2013 seems a long time back now. It was the year Halton Transport invested in a new midibus fleet. Well, not a new fleet, a slightly used fleet previously with Blackpool Transport… for about 14 years or so. One of the first three Optare Solos is seen at Halton View in Widnes, but the view is oriented more towards Fiddler’s Ferry than Halton. In February 2013 Fiddler’s Ferry was still making smoke, steam and ultimately electricity. You will note that in Widnes it is customary to wait on the wrong side of the road, turn your back on the driver and give a clear hand signal. I think it has something to do with the chemicals in the air.
After a short while it was decided to disguise the age of the new fleet by buying registration plates issued in Northern Ireland, a ploy repeated the following year when a batch of Scania Omnicity buses was bought from Metrobus after service on a guided busway in the Crawley area. But in 2013 the bright new hope at Halton was the arrival of six Solos. These arrived in two batches of three, in January and August and were numbered 55-60.
The decision on a livery was largely made by the layout of the previous Blackpool scheme with cream going over the yellow and Halton red over the rest. The first three were deployed on a new circular service 26/26A which linked Halton’s loss-making round-the-houses service to Cronton via Halton View with another similar service round the other side of town that was extended to cover a new housing area and complete the loop by approaching Cronton from the other side.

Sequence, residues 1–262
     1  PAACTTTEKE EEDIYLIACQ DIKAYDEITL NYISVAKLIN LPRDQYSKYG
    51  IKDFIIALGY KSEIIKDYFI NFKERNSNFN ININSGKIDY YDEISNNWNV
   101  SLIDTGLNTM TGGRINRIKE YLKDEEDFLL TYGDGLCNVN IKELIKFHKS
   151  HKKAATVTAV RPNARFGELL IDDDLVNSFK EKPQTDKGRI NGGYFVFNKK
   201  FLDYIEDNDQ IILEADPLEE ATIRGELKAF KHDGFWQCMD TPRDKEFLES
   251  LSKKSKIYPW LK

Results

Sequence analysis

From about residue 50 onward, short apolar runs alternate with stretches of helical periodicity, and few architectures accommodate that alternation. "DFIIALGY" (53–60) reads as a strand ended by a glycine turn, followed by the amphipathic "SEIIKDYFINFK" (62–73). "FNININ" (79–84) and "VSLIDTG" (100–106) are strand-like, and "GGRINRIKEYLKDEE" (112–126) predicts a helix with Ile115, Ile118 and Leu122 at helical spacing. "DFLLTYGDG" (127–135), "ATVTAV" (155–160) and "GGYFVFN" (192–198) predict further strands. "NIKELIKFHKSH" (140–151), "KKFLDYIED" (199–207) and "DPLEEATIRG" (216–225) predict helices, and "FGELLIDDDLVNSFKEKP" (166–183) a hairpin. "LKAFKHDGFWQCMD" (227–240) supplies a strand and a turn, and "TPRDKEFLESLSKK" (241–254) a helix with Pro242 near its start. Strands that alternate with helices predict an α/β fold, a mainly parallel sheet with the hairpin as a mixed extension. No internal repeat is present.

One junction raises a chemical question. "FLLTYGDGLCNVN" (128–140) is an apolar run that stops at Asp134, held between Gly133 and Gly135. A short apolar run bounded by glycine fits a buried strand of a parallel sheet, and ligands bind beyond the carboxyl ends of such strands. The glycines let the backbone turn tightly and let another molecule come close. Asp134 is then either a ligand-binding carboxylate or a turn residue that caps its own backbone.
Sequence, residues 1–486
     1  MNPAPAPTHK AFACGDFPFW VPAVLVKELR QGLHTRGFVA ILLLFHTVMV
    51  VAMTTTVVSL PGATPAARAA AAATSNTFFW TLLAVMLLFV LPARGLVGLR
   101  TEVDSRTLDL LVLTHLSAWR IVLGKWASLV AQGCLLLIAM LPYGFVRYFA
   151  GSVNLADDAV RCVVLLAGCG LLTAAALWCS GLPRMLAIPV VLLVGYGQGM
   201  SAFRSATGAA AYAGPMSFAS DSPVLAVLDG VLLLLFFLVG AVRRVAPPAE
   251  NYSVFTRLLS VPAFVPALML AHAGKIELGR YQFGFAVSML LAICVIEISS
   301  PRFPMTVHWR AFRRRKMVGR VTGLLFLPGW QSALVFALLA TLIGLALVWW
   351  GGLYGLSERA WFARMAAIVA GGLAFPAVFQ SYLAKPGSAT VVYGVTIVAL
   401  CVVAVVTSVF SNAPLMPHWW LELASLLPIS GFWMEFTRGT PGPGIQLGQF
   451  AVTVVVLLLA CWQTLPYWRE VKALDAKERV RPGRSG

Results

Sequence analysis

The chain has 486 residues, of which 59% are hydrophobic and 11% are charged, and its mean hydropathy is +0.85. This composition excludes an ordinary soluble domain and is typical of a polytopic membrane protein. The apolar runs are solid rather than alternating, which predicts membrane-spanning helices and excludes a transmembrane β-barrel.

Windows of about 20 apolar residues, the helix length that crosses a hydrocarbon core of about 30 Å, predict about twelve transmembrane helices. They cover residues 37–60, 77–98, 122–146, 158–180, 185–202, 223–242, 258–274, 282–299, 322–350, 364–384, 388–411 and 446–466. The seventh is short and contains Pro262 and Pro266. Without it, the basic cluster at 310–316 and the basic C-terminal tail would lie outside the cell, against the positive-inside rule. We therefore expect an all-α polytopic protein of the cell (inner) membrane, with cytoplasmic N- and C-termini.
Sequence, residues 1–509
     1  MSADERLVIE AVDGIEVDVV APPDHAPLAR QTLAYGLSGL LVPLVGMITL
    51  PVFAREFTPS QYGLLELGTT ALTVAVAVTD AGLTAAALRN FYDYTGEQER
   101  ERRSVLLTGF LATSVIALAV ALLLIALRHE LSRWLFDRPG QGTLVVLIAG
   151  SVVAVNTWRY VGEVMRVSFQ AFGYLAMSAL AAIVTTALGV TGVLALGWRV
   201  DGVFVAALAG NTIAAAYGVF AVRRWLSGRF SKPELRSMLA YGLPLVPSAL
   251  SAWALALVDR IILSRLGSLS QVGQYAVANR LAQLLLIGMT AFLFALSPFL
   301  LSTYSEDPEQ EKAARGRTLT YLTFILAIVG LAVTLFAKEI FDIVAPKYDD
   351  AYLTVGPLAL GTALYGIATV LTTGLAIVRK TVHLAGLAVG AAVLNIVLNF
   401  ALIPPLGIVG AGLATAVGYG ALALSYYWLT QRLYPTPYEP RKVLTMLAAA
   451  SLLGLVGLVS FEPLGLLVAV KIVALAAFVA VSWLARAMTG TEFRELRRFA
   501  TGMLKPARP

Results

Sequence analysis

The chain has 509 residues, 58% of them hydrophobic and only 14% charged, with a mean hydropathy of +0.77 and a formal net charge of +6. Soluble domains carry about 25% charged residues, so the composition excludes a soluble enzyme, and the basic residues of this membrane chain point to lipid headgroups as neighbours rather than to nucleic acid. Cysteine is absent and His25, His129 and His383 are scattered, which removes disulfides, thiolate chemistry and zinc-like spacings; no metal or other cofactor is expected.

This was all to the detriment of Widnes Commercial Motors which had been running a supported service 13 over the latter route for which the funding was withdrawn. The principal participants on the service, nos 55 and 56, had a rudimentary route branding which would typify the Halton approach in subsequent years, lacking a sense of style or sympathy with the vehicle’s design.
When the second three arrived in August they saw use on another local service, the 27 around Halton View which was cut back from its previous link with Runcorn over the river.
Even with the economy made by using smaller buses, the 27 was progressively cut back, its frequency being reduced from every 20 minutes to 30 and then hourly.
There being six Solos, two spares could be available for service elsewhere. The most likely places to see them in use were St Helens…
…and a new local service devised to link Appleton Village with the sleepy suburb of West Bank which declined after the 1961 road bridge was opened between Runcorn and Widnes. West Bank had been the terminus of the Transporter bridge crossing and benefited from lots of passing trade until the transporter was dismantled after the road bridge opened. The 9 was tentatively known as the “Buzzabout” and there was a bee logo for the timetable because it visited the Hive, a new leisure park with skating, bowling, cinema and predictable chain restaurants. No branding was ever applied to the buses.
The 26 saw reasonable use and had a regular rota of drivers who had a good rapport with the passengers. Compared to the dark days of 2012 when there were no buses from Widnes to Cronton on Saturdays, the 30 minute frequency Monday to Saturday was a big improvement and many new links were made possible by the circular route. The 27 and 9 fared less well.
The Solos also saw use on a short-lived contract operated on behalf of Merseytravel on Saturdays between Rainhill and Kirkby via Knowsley village. Occasional use on Merseytravel school contracts was possible, in fact as Halton became more desperate for serviceable buses at three o’clock on a schoolday afternoon one could materialise almost anywhere at a push.
Certainly excellent value for money was had from these vehicles but they didn’t project a great image of the company being nearly 20 years old towards the end of their stay. Nobody lamented their eventual withdrawal and replacement with short wheelbase Enviros.